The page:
Brett Swenson Masters The Elements & Culls Art From The Trash Heap of History

Using found artifacts and experimental chemical processes derived from science and industry, he charts the cultural intersection of past and future.

Found objects, cast replicas of found objects, and a photograph of a midden area at Fort Tilden Beach
Artist’s replica of a meteorite size reference cube

Brett’s art deals with the ravages of time, chemical processes, and the symbolic shifts which inevitably take place in both the natural landscape and manmade objects. For instance, his series Strewn (2014) was created by embedding rusted old spark plugs from the 1940s in gypsum cement.

The spark plugs are sunk into the gypsum bricks to varying degrees and in various orientations, with the bricks installed in an orderly grid, such that the spark plugs appear randomly strewn about, reflecting the way Brett originally found them, partially or completely buried in the sand at Fort Tilden Beach.

“Strewn” (2014), Found objects encased in gypsum cement102” x 38” (259 x 97 cm), installation view and details

What you get here is a tension between the orderly forces of industry and science and the entropic forces of nature and time. But sometimes nature takes too long, so Brett steps in and uses alchemical processes to create the artifacts of his imagination.

One of his signature processes is to heat up obsidian in a kiln, inducing it to expand into unruly, billowing shapes. In his “Standards of Measurement” series, Brett heated obsidian (also known as volcanic glass) inside lab beakers so that the beakers melted and warped to conform to the expanding obsidian. For another project, he suspended obsidian within a spiky iron armature and filmed it expanding to create a video loop in which a black ball of obsidian expands and contracts like a beating heart trapped within an inhuman cage.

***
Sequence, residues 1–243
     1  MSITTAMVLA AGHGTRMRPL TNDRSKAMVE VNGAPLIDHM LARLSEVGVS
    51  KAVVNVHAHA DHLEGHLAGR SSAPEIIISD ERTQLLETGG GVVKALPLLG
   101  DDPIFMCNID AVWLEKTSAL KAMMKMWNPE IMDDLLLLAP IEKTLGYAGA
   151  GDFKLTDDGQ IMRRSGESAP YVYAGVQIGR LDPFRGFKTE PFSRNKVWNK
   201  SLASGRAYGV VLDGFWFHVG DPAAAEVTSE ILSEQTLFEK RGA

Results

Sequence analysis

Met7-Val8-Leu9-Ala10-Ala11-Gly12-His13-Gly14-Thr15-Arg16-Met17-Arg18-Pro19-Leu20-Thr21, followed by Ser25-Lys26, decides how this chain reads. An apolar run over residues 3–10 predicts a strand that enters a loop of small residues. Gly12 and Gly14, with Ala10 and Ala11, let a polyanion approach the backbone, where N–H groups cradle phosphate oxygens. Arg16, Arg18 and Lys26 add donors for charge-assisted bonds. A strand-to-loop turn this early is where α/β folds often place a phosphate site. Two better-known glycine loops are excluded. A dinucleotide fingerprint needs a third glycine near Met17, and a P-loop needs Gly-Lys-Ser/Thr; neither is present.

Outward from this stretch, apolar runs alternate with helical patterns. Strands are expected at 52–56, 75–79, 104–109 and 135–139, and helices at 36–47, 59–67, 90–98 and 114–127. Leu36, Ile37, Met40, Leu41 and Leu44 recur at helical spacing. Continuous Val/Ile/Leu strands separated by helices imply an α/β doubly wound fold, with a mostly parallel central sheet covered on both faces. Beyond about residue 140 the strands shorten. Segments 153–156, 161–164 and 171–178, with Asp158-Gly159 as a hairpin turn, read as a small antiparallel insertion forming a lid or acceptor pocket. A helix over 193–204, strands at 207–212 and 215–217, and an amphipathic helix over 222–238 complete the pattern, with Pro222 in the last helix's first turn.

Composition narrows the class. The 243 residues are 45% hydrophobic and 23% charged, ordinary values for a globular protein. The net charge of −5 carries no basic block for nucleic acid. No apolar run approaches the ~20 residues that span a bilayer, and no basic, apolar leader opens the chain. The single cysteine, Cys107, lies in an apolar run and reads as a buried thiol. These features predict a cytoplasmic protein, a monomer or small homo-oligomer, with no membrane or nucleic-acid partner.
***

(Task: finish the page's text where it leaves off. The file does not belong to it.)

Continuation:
More recently, Brett has been experimenting with pinning the expanding material under pylon type structures, with the intention of using the resultant works in site specific installations that combine both built and natural forms.

(Left) Object created in the filming of “…silicovolcanoconiosis (Hypochondria)” (2014). (Center) Experiments with obsidian & pylons. (Right) Installation concept rendering

If you are in New York this month, you can see his work on display in the group exhibition PUSH/STRIKE/RESIST at Equity Gallery on the Lower East Side (running through February 18th) as well as in another group show Dead Horse Bay: The Glass Graveyard of Brooklyn at the Agnes Varis Art Center in Brooklyn (opening February 1st, running through April 1st).

Standards of Measurement, 6 Liters (2014) 6L Erlenmeyer flask, volcanic matter, heat, glass shelf and bracket, 18" x 18" x 9" (46 x 46 x 23cm)